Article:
George Washington Papers

To George Washington from Colonel Vienne, 15 September 1778

From Colonel Vienne

To boston 15 7bre 1778

your Excellency

having Reciev’d news from France, which oblige Me to go home as soon as possible for domestick Concerns, and unwilling [to] Leave off the american Service, I entreat your Excellency to be pleased to give me a furlough for Eighteen Months; I pray you to send me a Writing Certifying that I serv’d in your armie as volonteer Since the first june till the fifteenth of july Next, that I Was at minmouth’s Battle, that having been Sent to take a View of the Ennemi’s Camp I took Some prisonners, that the Congress gave me the Rang of Colonel the fifteenth of july, that I Landed in Rhode Island With the american troops, and that My Conduct and Behaviour have been Belonging to an officer and gentleman, I Believe it is the General Suffrage: but the Certificate I Require of your Excellency, is too precious and flattering for me that I not Entreat you to grant it to me.1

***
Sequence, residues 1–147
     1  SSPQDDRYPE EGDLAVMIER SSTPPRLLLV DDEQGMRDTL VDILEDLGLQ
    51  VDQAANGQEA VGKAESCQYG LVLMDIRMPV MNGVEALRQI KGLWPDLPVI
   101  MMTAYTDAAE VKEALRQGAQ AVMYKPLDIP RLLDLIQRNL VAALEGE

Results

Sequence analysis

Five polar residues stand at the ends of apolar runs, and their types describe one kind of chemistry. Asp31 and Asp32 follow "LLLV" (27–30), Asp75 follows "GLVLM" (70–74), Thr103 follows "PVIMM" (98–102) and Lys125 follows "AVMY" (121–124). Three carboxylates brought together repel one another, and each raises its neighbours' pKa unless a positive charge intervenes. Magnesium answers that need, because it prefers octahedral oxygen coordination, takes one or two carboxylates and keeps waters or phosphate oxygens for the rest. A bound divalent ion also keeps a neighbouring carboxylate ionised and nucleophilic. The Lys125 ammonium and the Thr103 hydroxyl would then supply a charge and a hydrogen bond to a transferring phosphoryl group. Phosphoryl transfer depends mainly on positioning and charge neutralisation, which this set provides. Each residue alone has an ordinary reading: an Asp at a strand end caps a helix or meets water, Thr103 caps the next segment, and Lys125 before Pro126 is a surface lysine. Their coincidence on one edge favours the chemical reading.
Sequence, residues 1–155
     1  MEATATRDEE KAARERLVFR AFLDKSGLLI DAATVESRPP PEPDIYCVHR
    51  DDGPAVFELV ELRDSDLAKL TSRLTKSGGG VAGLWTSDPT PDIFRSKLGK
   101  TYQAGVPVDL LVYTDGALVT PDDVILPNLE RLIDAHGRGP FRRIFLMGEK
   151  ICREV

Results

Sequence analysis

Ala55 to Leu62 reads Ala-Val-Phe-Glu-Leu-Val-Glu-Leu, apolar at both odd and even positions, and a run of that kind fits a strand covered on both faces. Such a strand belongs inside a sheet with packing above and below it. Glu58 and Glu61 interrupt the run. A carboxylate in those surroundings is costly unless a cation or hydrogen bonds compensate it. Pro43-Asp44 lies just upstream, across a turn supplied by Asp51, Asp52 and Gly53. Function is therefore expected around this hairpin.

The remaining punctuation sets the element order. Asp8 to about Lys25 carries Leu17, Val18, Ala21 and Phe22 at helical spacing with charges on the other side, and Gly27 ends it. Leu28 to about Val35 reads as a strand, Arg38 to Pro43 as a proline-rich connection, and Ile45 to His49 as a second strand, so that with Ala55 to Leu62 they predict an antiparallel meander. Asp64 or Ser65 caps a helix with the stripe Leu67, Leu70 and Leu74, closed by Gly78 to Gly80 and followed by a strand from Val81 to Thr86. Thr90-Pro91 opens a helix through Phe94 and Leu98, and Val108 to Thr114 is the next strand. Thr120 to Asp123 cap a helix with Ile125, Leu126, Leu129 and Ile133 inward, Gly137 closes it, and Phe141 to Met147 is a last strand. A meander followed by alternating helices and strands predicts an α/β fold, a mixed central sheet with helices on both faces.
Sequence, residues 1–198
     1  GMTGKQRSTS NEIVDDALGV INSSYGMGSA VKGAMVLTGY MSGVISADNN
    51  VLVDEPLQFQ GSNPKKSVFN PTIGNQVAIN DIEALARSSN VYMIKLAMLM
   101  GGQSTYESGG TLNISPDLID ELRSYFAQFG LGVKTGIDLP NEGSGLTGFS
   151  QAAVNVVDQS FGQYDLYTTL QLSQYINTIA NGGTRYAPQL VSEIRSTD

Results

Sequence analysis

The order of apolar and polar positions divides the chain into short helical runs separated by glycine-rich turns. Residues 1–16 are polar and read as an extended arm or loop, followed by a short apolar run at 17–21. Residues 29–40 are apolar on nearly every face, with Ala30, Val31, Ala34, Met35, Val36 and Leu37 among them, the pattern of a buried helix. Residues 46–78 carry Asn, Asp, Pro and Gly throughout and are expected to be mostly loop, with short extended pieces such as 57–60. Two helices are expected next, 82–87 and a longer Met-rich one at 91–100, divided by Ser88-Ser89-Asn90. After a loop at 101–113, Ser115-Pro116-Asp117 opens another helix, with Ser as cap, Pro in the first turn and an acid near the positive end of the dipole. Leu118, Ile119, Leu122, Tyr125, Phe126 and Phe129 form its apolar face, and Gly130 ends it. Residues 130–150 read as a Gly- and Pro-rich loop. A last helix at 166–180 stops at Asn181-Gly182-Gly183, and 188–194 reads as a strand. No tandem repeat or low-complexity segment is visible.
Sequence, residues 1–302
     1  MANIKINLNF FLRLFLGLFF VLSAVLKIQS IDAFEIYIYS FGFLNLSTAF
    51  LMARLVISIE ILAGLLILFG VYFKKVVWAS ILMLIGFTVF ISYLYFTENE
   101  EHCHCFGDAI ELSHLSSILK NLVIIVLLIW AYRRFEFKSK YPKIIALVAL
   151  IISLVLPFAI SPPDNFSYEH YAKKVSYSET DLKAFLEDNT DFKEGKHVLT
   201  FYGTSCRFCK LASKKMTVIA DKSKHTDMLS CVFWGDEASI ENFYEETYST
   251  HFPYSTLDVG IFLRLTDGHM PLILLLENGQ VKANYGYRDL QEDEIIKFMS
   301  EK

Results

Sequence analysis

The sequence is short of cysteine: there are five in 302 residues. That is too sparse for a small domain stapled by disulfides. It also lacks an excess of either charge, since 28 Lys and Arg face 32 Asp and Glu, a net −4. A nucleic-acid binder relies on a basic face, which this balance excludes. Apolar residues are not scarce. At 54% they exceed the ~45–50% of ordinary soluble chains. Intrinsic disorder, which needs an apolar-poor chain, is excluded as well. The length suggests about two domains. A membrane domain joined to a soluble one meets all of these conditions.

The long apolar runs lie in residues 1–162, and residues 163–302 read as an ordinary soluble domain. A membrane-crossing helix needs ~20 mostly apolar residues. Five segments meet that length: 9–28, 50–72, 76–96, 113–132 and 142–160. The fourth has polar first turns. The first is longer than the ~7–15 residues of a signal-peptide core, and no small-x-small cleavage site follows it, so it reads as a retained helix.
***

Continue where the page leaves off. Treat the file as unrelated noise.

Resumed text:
I Require of your Excellency to be pleased to write quick an answer to me, the Vessel I propose to go in being Ready to Sail and Waiting only for my parting your permission and Certificate.

I pray you to give the all to Mr de chouans Who Will have the honour to Deliver you this.2 it is With the Sentiments of the most profound Respect I have the honour to be of your Excellency the Most humbly and obedient Servant

C[olonel] marquis Devienne

LS, PWacD; Sprague transcript, DLC:GW. GW enclosed a copy of this letter in his letter to Henry Laurens of 29 Sept., but that copy has not been found (see GW to Laurens, 29 Sept., and note 3 to that document).

1For the certificate that GW wrote for Vienne on 29 Sept., see GW to Vienne, 29 Sept., n.2, and 16 Oct.; and Vienne to GW, 5 October. Congress approved Vienne’s furlough on 27 Oct. (see GW to Henry Laurens, 29 Sept.; Laurens to GW, 9 Oct.; and JCC description begins Worthington Chauncey Ford et al., eds. Journals of the Continental Congress, 1774-1789. 34 vols. Washington, D.C., 1904–37. description ends , 12:1066).

2The bearer was d’Estaing’s aide-de-camp, André-Michel-Victor, marquis de Choin (Chouin).

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